May 1, 2022
Sustainable Fishing & Ocean Conservation Receives Close to $1 Million Funding Boost from Sustainable Seafood Ecolabel
News Source: sevenseasmedia.org
Satellite tagging stingrays, translocating sea urchins and developing deep-sea cameras are among the 22 projects and fisheries to have been awarded funding by the internationally recognised sustainable seafood certification and ecolabelling program, the Marine Stewardship Council (MSC) announced.
Now in its third year, the MSC’s Ocean Stewardship Fund (OSF) redirects 5% of its annual royalties from the sales of MSC certified sustainable seafood to accelerate the sustainability of fisheries globally. The fund is also expanding in scope and reach this year, as it opens up to third-party donations from funders.
Amid global concerns about the depletion of ocean biodiversity, this year’s grants focus in part, on driving improvements that better protect endangered, threatened, or protected species or vulnerable marine ecosystems – with projects in Argentina, Greenland, Australia, the United Kingdom, and France.
A total of US$936,000 in the form of 22 grants ranging from $6,500 to $68,000 each, are awarded to fisheries, scientists, NGOs and students from 12 countries to aid international efforts in marine conservation and sustainable fishing. At least half of the grants ($459,000) are supporting fisheries in developing economies that are transitioning to sustainable practices, including Indonesia, Mexico and India.
Harnessing satellite tagging technology in the Mediterranean, the MSC certified SATHOAN artisanal bluefin tuna fishery will use the funding to understand better how stingray populations may be affected by fishing activity. The fishery releases any stingrays accidentally caught on longlines back into the ocean but needs more data to understand how the population is impacted long-term.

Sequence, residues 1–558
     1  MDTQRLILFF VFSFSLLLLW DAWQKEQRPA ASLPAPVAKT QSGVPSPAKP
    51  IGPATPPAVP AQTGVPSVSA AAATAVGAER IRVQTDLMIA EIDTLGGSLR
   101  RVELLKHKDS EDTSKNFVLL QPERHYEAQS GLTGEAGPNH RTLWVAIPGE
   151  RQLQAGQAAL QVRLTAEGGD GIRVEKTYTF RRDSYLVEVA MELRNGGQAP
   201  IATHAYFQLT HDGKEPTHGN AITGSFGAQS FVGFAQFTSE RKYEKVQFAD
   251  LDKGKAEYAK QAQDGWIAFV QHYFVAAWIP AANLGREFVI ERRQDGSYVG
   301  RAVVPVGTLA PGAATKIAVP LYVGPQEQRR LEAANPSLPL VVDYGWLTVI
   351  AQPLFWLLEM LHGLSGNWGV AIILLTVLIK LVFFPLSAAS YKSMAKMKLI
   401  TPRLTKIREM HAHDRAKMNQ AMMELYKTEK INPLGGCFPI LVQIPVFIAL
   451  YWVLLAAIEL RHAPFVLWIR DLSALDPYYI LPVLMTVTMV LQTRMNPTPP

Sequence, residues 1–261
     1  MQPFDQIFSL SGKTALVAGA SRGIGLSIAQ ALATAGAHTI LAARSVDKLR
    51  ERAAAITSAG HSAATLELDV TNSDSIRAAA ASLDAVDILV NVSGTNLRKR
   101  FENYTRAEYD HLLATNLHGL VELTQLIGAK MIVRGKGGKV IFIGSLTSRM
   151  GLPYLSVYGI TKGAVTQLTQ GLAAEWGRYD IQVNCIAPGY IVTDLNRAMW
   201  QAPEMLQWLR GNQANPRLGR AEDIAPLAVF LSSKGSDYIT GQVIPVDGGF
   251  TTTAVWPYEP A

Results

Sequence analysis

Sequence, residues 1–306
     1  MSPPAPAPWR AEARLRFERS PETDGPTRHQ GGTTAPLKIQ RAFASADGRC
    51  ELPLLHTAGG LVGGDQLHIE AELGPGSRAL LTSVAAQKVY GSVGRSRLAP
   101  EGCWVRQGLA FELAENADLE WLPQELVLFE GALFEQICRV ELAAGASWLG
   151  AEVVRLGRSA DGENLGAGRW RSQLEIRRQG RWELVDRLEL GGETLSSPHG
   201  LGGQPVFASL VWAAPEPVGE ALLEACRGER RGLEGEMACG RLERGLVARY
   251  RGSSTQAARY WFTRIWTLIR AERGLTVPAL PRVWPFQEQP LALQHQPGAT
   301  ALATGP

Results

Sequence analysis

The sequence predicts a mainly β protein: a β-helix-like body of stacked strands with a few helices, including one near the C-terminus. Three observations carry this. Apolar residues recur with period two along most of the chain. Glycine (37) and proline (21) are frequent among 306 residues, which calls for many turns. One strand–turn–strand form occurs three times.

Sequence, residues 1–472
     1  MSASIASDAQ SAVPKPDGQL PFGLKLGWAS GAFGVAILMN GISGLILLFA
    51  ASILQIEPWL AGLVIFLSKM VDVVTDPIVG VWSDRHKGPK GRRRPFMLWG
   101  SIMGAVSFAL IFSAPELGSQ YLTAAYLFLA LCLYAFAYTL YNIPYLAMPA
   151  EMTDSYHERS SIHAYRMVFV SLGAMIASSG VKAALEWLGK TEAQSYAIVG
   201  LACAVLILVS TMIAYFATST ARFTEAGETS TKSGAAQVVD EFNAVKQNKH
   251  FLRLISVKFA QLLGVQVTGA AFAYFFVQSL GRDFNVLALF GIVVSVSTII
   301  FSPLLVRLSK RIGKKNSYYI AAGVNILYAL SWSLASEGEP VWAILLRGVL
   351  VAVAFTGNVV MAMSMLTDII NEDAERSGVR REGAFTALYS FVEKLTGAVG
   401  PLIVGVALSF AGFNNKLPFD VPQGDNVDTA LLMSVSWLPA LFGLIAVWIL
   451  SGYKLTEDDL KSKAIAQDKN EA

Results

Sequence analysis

Automated, illuminated, and underwater camera monitoring systems are being designed with funding received by the Western Australian government. The cameras will be used to map overlaps between the MSC certified West Coast crab fishery and remote deep-sea habitats. The unique system will be designed to withstand high pressure down to 1,000 metres deployment to collect habitat data which will be used to apply relevant management measures.
Another grant will also support an investigation into whether translocating red sea urchins to areas with higher densities of kelp will help stocks to recover. Local marine heatwaves, resulting in a decline in kelp forests which the urchins rely on for food, alongside overfishing have led to a localised decline in sea urchin populations. The research, led by Autonomous University of Baja California (UABC) in Mexicohopes to understand whether translocations are improving sea urchin condition or in fact, doing more damage than good to the wider ecosystem. Fishers hope that by moving the urchins to an area with an abundance of algae to eat, the population may improve.